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Manage Your Business Better With Financial Foreplay

Here’s what my work to-do list looks like for this week:
taxeslist
Aaah look at all that creativity, sketches due, finals to work on, a picture book idea to re-write… wait whats that at the bottom? Work on taxes?? (sound of needle screeching on record)

TAX stuff?? bluugh

 

Taxes are something that most people, but especially creative people, shudder about. When I polled several artist friends most admitted to just shoving a bag full of receipts at their accountant. Fellow Once Upon A Sketch contributor Kevin Cross put it bluntly “not everything in this job is butterflies and rainbows.” As a small studio owner you have to do it all, from creating the work to cleaning the coffee maker. Watching income and expenses is just another part of that job. Just like you wouldn’t clean the coffee maker once a year (well you shouldn’t do that,) you also shouldn’t wait til the end of the year to get a clear snapshot of your studio’s financial picture. But many creatives, especially those starting out, are not sure where to start or where to get answers. So I sat down with Laurel Green, principal at Greenbooks, a bookkeeping agency that works exclusively with visionary and creative small businesses, to ask a few questions about tax basics for creatives. She shared her answers below… and even made it sound fun with Financial Foreplay:
OUaS: What are the three absolute must-haves or must-dos that any creative should keep in mind when it comes to preparing for tax time?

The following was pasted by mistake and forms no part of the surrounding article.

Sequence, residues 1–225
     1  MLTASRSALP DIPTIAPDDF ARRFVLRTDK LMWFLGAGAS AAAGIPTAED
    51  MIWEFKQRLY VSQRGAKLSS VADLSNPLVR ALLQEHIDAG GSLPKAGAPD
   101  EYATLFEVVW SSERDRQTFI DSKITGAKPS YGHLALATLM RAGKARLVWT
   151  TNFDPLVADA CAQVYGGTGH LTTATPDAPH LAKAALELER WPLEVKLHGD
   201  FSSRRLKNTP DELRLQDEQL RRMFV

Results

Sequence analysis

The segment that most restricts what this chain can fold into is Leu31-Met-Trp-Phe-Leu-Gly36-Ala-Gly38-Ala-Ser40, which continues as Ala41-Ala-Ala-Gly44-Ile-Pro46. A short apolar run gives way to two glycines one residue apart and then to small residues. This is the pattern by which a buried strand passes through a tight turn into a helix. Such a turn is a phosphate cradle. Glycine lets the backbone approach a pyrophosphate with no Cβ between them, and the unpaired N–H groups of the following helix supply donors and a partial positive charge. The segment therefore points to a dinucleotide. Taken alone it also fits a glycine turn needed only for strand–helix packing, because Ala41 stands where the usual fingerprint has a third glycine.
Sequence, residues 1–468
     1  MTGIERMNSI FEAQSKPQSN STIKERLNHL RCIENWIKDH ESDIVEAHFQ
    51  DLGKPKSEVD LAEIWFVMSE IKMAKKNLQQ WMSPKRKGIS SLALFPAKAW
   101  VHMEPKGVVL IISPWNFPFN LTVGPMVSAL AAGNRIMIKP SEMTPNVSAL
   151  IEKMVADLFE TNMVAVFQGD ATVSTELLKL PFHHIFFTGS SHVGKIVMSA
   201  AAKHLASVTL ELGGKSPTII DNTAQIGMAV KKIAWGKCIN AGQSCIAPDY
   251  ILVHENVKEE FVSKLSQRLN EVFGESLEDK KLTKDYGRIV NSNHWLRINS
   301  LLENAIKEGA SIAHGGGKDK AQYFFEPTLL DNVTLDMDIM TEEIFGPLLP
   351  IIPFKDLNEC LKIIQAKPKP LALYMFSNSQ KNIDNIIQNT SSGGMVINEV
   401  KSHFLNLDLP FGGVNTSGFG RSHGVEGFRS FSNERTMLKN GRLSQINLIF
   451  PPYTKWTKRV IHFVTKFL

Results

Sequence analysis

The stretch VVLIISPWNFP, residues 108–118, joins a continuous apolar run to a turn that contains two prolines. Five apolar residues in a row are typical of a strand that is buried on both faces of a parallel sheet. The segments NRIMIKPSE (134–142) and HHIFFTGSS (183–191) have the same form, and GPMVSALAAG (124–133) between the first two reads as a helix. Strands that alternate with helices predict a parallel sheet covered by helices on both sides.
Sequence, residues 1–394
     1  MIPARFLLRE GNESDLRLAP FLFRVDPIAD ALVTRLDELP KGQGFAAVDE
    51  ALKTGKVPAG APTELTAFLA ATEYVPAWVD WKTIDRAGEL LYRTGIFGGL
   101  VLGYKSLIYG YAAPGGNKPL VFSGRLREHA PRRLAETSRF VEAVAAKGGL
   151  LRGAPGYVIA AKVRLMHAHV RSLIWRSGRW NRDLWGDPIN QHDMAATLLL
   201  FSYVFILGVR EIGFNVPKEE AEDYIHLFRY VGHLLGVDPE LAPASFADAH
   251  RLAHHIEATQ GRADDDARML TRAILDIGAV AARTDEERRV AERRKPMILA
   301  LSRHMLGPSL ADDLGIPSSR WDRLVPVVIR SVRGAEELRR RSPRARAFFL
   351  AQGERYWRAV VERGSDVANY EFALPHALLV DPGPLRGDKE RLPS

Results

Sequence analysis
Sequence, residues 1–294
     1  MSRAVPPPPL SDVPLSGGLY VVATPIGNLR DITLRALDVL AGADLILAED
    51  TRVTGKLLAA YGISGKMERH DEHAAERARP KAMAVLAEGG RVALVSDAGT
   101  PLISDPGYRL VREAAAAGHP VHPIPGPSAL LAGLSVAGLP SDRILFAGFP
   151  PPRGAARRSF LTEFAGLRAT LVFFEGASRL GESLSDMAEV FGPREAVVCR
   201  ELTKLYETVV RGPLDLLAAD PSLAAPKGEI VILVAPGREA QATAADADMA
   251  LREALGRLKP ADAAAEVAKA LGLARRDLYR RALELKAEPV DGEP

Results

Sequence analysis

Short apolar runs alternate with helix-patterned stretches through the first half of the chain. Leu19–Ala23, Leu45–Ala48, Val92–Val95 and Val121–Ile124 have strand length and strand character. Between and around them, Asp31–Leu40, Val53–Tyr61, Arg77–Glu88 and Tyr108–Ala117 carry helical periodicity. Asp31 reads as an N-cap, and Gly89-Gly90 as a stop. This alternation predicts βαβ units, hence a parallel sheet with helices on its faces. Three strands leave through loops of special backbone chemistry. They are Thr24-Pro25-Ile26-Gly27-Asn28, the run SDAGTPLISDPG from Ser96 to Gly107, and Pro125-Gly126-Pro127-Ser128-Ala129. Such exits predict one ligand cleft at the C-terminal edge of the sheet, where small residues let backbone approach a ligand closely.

LG: First, find a knowledgeable and reliable CPA or Certified Tax Preparer who works with clients in your creative field. Do not use a preparer who is not registered with the IRS or received a Preparer Tax Identification Number (PTIN). Ask friends and colleagues for referrals.

Second, maintain separate accounts. According to IRS Small Business officials, the tax agency is turning its attention to “flow-through entities,” which includes S corporations and sole proprietorships. This means they’ll be on the lookout for business owners who try to deduct the same expenses on different filings. If you haven’t done so already, get a business checking account to match your personal accounts and separate all transactions. It can reduce the chance of an audit.

Third, save every tax form that arrives in your mailbox. Being organized will reduce stress, save time and money, and ensure that you get all entitled deductions. 

OUaS: What is the biggest mistake you have seen or know of creative people making when preparing for taxes? How can it be rectified?

LG: Don’t wait until the last minute. Nothing is more frustrating than searching for everything you need when the tax return is due in a couple of days.

The biggest mistake a creative person (any person) can make is bringing a shoe box or manila envelope crammed with receipts to a CPA or Tax Preparer and paying them to organize it for you. 

Motivate yourself to sort through your receipts with what I call Financial Foreplay. Pour a glass of wine, light a candle, and dump those receipts on a bed. Organize your records by month, separating them into two categories: income and expenses. Then sort them by type. For example, under the expense category you might have advertising, office supplies, utilities, labor, and taxes to name a few. The more detailed your information is the less time your tax preparer will spend decoding information.  Continue reading